Keynote Plenary Session Lectures

The ESSPD President chairs a round-table discussion on a specific topic with distinguished experts in the field.

Perspectives from positive psychology: determinants of well-being


The genetics of happiness and well-being
Meike Bartels (Amsterdam, The Netherlands)

Happiness and wellbeing have emerged as important study subjects within and across many fields of research. A major driving force behind this is the association with physical and mental health and its pivotal role in socioeconomic issues and economic development. With the increased interest in the importance of wellbeing it is critically important to understand and reveal sources of individual differences.

Prof Meike Bartels will present her work on happiness and wellbeing that describing the complex interplay of genetic and environmental factors. She will present the current state of art within the field of behavioural and molecular genetic research into wellbeing, including twin-family studies and molecular genetic findings and the search for the exposome. She will furthermore explain the importance of her findings for individuals and the society at large.


Fostering well-being in patients with personality disorders
Mary Zanarini (Belmont, USA)

It is now known that symptomatic remission from borderline personality disorder is both common and relatively stable over time.  However, recovery, which involves concurrent remission and good social and vocational functioning, is less common and less stable.  Possible reasons for this lack of recovery will be discussed.  In addition, the concept of flourishing, which comes from positive psychology, will be defined and discussed.  Pathways to flourishing that are part of psychotherapy and pathways to flourishing that are part of everyday life will also be discussed.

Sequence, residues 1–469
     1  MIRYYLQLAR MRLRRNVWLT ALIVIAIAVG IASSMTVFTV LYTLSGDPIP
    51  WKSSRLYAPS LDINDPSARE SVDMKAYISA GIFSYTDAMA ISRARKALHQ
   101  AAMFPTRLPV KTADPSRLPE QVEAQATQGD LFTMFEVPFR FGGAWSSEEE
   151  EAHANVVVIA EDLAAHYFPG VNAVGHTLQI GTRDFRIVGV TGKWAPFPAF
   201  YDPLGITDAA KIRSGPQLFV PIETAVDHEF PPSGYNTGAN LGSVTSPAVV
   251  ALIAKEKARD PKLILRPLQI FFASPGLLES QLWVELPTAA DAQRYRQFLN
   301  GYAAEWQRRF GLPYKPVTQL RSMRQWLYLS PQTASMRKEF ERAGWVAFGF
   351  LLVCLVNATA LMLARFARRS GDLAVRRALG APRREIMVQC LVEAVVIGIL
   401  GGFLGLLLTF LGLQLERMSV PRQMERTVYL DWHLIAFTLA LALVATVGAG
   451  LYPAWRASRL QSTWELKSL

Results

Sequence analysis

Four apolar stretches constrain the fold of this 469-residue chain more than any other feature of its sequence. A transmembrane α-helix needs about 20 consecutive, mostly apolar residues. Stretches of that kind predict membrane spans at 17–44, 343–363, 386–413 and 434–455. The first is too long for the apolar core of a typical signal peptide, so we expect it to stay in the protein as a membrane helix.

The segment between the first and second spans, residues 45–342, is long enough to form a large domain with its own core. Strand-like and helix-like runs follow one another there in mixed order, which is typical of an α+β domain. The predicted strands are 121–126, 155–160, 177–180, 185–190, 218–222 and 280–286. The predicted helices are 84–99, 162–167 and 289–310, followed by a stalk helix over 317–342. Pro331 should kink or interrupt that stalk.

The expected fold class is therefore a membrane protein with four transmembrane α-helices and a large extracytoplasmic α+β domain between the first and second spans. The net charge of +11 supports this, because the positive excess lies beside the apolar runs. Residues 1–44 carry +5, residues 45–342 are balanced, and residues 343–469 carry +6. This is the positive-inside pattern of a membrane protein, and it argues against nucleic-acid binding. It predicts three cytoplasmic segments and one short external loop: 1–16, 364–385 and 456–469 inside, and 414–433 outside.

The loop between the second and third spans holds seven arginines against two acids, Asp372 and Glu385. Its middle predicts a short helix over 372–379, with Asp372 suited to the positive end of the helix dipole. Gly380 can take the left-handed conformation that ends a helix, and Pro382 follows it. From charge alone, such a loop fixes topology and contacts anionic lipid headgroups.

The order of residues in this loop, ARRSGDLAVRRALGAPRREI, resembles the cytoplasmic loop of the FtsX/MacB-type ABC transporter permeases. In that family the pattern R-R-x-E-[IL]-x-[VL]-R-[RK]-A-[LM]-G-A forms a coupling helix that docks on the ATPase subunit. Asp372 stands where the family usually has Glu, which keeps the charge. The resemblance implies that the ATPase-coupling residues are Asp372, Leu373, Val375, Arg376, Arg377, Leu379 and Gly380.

A life worth living: lessons learned from working with suicide prevention in high risk clients


Lessons learned from suicide prevention with non-Borderline Personality Disorder clients
Rory O’Connor (Glasgow, UK)


Lessons learned from suicide prevention in clients with Borderline Personality Disorder
Lars Mehlum (Oslo, Norway)

People with Borderline Personality Disorder (BPD) have high rates of suicide attempts (~50%) and suicide (3-10%) and account for a very large proportion of all patients who present to AE services with self-harming behaviours. Once considered a nearly impossible population to successfully treat, BPD clients and their treatment needs have fuelled development of much needed clinical knowledge as to how to treat suicidality directly and specifically. In this lecture we will highlight main lessons learned from research and clinical practice to prevent suicidal behaviour in clients with BPD.